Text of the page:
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Amazon Australia – 6 months in. A storm in a teacup? Or the calm before the storm?

How did an online reseller with almost no visible physical footprint grow into the second most valuable company in the world? And now that Amazon has been operating in Australia for 6 months, how has it affected Aussie retail?

When Amazon first hit the web in 1995, Jeff Bezos hoped for it to become the biggest bookstore in the world. 23 years later, there’s not much that Amazon doesn’t sell – except for fresh food, hence its acquisition of Whole Foods Market last year. Some experts are predicting that Amazon will become the world’s first trillion-dollar company in the next 12 months.

Amazon became such a behemoth for a multitude of reasons – but the most important by far was its unrivalled focus on fulfilment. Since Amazon’s inception, customers have learned to trust that whatever they buy, they’ll soon have it in their hot little hands.

Jeff Bezos’ famous penchant for prioritising growth over profit has meant that prices on Amazon have traditionally been largely unbeatable, and when you combine excellent pricing with excellent fulfilment, it’s no wonder that Amazon now processes millions and millions of sales every day.

Amazon Australia’s launch in December last year drew criticism due to its smaller-than-expected inventory. But 6 months later, when you take a look at its inventory, it is enormous – and it’s only going to grow.

This item does not ship to Australia

These seven words were the bane of early adopting Aussies shopping on the US & UK Amazon sites. But on Amazon Australia, you won’t see those seven words anywhere, meaning no more frustration of finding the perfect item at an amazing price, only to be told you couldn’t have it.

As soon as Aussies become habituated – like Americans and Brits have – to purchasing almost anything they need from Amazon at a great price, and that it will be delivered to them at breakneck speed, that’s when things will really heat up.

Yet, immediately after launch, Aussie retailers seem rather unfazed. And for now, Amazon’s arrival has hardly upset the applecart. In fact, according to the Australian Bureau of Statistics (ABS), in February this year Aussie retail sales rose by 0.6% to $24.45 billion in seasonally adjusted terms, doubling the median economist forecast that was looking for an increase of 0.3%. So for now, things are looking up – but for how long?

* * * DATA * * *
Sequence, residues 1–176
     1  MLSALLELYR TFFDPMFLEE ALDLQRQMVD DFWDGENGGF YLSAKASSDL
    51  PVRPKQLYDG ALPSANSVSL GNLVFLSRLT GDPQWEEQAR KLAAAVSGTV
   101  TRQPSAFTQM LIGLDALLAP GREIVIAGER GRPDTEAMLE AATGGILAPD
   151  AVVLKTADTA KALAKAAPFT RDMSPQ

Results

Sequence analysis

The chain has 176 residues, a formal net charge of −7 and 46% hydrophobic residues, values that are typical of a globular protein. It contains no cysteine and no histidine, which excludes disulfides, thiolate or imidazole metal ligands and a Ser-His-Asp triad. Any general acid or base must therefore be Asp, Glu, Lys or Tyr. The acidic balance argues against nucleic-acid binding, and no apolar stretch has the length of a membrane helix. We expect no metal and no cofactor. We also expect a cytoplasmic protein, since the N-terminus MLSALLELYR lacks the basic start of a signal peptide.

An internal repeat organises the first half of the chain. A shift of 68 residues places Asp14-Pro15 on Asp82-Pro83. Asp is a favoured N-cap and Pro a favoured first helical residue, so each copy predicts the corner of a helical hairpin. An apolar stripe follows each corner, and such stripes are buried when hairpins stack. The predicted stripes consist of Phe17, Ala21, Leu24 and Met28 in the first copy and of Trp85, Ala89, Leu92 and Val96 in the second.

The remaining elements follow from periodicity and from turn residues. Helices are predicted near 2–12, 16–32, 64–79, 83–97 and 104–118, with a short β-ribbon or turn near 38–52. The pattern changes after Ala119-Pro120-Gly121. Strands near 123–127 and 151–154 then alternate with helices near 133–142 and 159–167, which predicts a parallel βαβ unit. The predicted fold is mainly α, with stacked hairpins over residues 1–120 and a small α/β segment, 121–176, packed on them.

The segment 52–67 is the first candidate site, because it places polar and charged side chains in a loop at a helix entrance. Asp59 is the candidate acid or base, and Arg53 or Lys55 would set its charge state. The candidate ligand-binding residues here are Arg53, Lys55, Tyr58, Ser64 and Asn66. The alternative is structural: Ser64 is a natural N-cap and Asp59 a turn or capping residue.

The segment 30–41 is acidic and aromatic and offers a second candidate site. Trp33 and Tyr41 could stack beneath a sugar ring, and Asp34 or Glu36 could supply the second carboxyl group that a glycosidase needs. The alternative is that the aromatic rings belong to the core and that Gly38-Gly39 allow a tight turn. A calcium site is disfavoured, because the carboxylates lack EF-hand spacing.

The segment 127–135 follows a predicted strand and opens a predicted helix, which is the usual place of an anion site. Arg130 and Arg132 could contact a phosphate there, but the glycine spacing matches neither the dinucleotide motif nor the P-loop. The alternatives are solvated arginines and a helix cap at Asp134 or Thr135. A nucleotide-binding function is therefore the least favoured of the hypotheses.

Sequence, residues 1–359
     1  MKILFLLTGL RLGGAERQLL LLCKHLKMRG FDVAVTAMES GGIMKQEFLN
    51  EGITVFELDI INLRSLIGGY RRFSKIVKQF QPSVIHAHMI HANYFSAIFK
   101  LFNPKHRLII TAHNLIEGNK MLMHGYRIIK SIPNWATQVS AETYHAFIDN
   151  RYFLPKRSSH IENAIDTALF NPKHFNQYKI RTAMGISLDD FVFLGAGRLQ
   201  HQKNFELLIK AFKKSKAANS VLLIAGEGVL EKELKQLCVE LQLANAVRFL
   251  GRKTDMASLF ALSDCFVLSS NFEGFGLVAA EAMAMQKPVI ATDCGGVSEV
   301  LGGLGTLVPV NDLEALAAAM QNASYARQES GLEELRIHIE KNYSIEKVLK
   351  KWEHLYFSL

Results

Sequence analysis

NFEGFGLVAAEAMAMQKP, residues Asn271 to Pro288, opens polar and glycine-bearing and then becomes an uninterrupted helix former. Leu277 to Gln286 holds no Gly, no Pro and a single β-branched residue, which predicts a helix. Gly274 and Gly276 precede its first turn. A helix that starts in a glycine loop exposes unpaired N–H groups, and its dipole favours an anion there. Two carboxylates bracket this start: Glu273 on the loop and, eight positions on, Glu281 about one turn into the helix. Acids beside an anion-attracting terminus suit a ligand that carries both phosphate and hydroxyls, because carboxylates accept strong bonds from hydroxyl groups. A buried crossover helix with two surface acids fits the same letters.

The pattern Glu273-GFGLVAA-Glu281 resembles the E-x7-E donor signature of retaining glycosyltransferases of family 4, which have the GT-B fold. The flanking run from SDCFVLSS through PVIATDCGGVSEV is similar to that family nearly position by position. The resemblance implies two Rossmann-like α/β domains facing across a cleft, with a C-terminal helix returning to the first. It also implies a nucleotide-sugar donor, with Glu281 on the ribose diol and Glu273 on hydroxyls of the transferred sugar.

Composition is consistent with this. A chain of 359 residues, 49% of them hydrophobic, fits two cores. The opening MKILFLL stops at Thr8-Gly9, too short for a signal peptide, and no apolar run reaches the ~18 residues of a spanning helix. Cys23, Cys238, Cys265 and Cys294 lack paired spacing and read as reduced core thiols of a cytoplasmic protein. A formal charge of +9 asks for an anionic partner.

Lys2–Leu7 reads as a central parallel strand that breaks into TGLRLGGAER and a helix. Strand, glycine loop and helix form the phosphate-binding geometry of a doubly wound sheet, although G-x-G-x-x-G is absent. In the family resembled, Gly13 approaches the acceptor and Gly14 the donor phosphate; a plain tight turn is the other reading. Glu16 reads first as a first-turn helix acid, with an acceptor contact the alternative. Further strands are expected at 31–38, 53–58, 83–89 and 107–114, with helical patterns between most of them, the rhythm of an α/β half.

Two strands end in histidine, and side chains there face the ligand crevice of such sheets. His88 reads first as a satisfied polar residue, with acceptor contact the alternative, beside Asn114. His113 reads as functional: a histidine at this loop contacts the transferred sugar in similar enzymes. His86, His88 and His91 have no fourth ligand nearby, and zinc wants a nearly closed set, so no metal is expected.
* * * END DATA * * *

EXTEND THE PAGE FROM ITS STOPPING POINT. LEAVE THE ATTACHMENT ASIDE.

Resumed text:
A quick search online shows me that I can buy the same inexpensive 4K Samsung TV from Harvey Norman, Bing Lee, Retravision,, and now, Amazon Australia.

Surprising? Not really. But how long until I can buy a can of branded tinned tomatoes from Amazon Australia? According to UBS’s 2018 supplier survey, almost half of Australia’s food and grocery suppliers are now in talks with Amazon – so I’m guessing it won’t be long. And how long until Amazon will automatically send me top-ups of items that I buy with regular frequency, like shampoo or toothpaste?

With Amazon’s almost trillion dollars behind them, it’s hard to imagine that they won’t be able to provide equally good (if not better) fulfilment than Woolworths or Coles online, so what can bricks-and-mortar retailers do to compete?

Let’s get physical

Maybe retailers are unfazed because online shopping in Australia still represents less than 8% of total spend. But the taxi industry was sitting pretty for decades before it was ‘Ubered’ seemingly overnight.

To stand out and help keep Amazon from swallowing more and more market share, retailers must provide what Amazon cannot – an amazing, multi-sensory in-store experience.

As a customer, I want to squeeze my avocados to test if they’re ripe. I want to see my fresh fillet of salmon sitting on ice. I want to speak to the salesperson to see if they think I should get the bigger size of jeans. I want to lie down and test the comfort of a mattress before I take it home.

As retailers move toward self-checkouts, or even take a leaf from Amazon Go and do away with checkouts altogether, who will provide the human interaction in store? And without an amazing in-store experience, especially one with human interaction, why wouldn’t people just buy online?

The answer lies in turning every team member into a passionate, knowledgeable advocate of the goods they’re selling.

Last night I asked one of the service assistants at the deli in my local supermarket where the ham came from. They smiled and apologised for not knowing. Of course, I wasn’t expecting them to know. But with the juggernaut of Amazon Australia slowly waking up, they absolutely should.


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